Why Are There Wars Without End?
Published in Inside - Volume XII, No.2
Even as events took place in September recognizing this year's International Day of Peace, most people would concede that some conflicts seem impossible to resolve. Indeed, of the 20 major armed conflicts waged around the globe during 2005, nearly half had been in progress for 10 years or more, and a quarter were more than 25 years old.
Are there common features to these intractable conflicts? With variables that include the psychological, economic, religious, and political, it is difficult to generalize from one situation to the next, much less pinpoint solutions.
Yet those are precisely the goals of a unique new three-year study led by Peter Coleman, Associate Professor of Psychology and Education, and Director of TC's
For several years Coleman and his team have worked to identify key dynamics of intractable conflicts. From those findings, the research team will create basic parameters of intractability and enter those parameters into computer simulations.
"We can use the computer simulations to ask, -'If we change one thing in a conflict, what happens in five years?' -'If we change two things, what happens?'" Coleman says, adding that while most research analyzes the effects of just one or two variables, simulating key changes with a computer model can reveal the complex interactions of changes in multiple variables and their impact on how patterns of behavior unfold over time.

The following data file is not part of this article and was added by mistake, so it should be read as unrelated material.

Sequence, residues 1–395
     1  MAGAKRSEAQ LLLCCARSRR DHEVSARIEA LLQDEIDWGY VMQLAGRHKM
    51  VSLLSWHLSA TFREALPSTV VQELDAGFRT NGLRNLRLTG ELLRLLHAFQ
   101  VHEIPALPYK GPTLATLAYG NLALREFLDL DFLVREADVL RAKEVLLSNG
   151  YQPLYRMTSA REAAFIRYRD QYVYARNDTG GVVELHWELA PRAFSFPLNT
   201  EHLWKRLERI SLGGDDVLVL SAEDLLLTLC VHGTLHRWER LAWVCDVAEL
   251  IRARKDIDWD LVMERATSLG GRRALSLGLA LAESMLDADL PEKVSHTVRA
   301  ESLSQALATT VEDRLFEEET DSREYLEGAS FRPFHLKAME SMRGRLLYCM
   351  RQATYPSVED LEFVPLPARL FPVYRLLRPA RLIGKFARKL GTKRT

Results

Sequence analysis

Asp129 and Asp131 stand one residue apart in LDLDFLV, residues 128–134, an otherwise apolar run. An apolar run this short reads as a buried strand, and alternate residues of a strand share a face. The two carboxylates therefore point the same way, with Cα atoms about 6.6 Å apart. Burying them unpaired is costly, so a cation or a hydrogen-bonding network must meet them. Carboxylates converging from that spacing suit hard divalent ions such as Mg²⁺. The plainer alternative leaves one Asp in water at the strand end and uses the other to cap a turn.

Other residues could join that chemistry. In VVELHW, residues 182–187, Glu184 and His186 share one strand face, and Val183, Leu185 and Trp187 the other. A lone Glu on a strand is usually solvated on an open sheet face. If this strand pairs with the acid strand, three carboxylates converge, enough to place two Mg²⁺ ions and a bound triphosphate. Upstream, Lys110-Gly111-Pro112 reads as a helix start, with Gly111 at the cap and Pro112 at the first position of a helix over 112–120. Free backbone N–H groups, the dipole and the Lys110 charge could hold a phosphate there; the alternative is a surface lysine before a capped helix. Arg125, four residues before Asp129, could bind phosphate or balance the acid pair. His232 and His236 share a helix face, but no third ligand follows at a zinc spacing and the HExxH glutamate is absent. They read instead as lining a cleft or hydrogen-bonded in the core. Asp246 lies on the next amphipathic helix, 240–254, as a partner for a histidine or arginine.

Coleman's team is also developing a survey that will be implemented in the
The research will include a case study of
In October, the research team is meeting in
Ultimately, Coleman said, they hope to create new ways to teach people on a broad scale about conflict: "What we find may have policy implications for how leaders think about policy around conflict and peace and how people involved in conflict resolution are trained."previous page